Statistical evidence—say, that 95% of your co-workers badmouth each other—can never render resenting your colleague appropriate, in the way that other evidence (say, the testimony of a reliable friend) can. The problem of statistical resentment is to explain why. We put the problem of statistical resentment in several wider contexts: The context of the problem of statistical evidence in legal theory; the epistemological context—with problems like the lottery paradox for knowledge, epistemic impurism and doxastic wrongdoing; and the context of a wider set of examples of responses and attitudes that seem not to be appropriately groundable in statistical evidence. Regrettably, we do not come up with a fully general, fully adequate, fully unified account of all the phenomena discussed. But we give reasons to believe that no such account is forthcoming, and we sketch a somewhat messier account that may be the best that can be had here.
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Here and below we use small caps for names of cases.
We focus on resentment rather than on blame in order to avoid the practical implications that are sometimes associated with blaming. With resentment, we can postpone all practical questions and focus just on the appropriateness of resentment itself.
Buchak (2014) seems to mean by blaming only or almost only the reactive attitudes. In this respect, then, her discussion is directly relevant to ours. In others, though, not so much: Buchak is less concerned with explaining what is problematic with statistical resentment or blaming, and more in taking as data the fact that we don’t assign blame proportionally to credence in blameworthiness as evidence for the indispensability of beliefs in a framework that already utilizes credences.
Originally from Cohen (1977).
For this and related cases, see Enoch et al. (2012), and the references there.
In previous work (Enoch et al. (2012); Enoch and Fisher (2015)) we argue that the epistemic condition known as Sensitivity nicely explains the intuitions in all of these cases. We also insist, however, that it cannot justify the legal suspicions against statistical evidence, because, in a slogan, the law shouldn’t care about epistemology. Instead, we offer a Sensitivity-related incentive story. It’s not clear, however that that incentive story—or any other one—can be applied to The Central Resentment Case. More work needs to be done, then, in search of a more unified account. Hence this paper.
For critical discussions of these theories of ours, see Blome-Tillmann (2015), Pardo (2018), Smith (2017), Gardiner (2018a) and Littlejohn (2017). We hope to discuss these criticisms elsewhere. For pushback against Pardo (2018), and an overview of our account, see Enoch and Spectre (2019).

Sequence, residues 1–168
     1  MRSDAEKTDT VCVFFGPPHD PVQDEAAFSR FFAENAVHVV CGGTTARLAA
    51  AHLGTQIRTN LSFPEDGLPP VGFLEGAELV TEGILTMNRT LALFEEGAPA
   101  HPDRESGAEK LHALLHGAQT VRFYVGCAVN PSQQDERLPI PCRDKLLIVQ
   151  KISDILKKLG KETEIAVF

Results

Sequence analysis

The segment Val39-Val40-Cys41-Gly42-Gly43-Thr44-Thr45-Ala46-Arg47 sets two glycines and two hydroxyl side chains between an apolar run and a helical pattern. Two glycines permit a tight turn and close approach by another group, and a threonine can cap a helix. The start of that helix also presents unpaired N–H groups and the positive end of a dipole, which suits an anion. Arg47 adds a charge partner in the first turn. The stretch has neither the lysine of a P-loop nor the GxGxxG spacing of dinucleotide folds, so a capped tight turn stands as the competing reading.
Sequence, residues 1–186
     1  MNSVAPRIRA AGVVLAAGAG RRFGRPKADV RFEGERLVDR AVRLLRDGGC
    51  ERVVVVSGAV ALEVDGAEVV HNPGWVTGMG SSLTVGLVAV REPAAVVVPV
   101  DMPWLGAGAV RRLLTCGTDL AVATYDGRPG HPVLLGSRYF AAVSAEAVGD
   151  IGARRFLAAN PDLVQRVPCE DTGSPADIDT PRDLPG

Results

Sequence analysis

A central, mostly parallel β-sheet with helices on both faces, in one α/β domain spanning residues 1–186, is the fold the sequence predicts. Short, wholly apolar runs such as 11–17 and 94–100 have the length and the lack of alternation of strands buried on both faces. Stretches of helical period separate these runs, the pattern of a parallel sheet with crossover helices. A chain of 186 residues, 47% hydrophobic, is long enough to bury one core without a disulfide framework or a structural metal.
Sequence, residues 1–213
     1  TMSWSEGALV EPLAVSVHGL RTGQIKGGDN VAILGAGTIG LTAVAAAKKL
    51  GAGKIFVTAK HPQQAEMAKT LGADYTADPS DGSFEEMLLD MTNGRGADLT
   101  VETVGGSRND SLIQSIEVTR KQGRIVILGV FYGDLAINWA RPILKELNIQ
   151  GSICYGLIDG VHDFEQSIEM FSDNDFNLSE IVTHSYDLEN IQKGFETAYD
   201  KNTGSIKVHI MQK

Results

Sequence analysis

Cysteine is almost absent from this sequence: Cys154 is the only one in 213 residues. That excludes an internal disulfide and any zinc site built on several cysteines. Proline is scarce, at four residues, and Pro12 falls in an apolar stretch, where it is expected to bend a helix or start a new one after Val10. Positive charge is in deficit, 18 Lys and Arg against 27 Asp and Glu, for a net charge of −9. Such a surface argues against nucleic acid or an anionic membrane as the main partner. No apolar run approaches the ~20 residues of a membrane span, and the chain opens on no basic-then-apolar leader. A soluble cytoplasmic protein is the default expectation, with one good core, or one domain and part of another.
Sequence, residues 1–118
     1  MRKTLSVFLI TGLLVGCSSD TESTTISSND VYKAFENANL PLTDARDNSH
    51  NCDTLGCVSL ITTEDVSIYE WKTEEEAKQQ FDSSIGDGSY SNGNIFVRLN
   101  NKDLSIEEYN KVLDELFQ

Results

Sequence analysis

This is so, we believe, even if in order to achieve medical knowledge, or the best kind of medical knowledge, there’s a need for more than just statistical evidence, like perhaps some access to the underlying causal mechanism. For an overview and some references, see Reiss and Ankeny (2016, section 5). The role of causal explanations in medical knowledge and practice is a delicate and contested matter. Compelling causal explanations are arguably responsible for the persistence of medical practices long after statistical evidence debunks their efficacy or shows them to be harmful or dangerous. See Parsad and Adam (2015). We cannot, of course, engage these complexities here.
We think that this suffices to reject Basu’s (2019a) use of Sherlock Holmes as an example of someone who mistreats people merely by studying them scientifically. It’s possible, of course, that she does not go for the most general version of this claim, in which case the point in the text is one she can accept.
We’re not sure what to say of generic admiration, as when we may admire nurses and fire-fighters for their often courageous and compassionate work. The example in the text is not about admiring the class, but specific members within it, based on purely statistical evidence. (There will be more of generics below).
Which means—pace Pundik (2008)—it can’t be about autonomy and certainly not about freedom of will.
This doesn’t mean that you should believe, of a specific Asian car, that it is fuel-efficient based solely on the statistical evidence.
As a reviewer rightly noted, in some cases there may be further, not statistical evidence about Asian cars (say, that they have some relevant technological feature). Our point in the text is that preferring the Asian car makes sense even in the absence of such further evidence.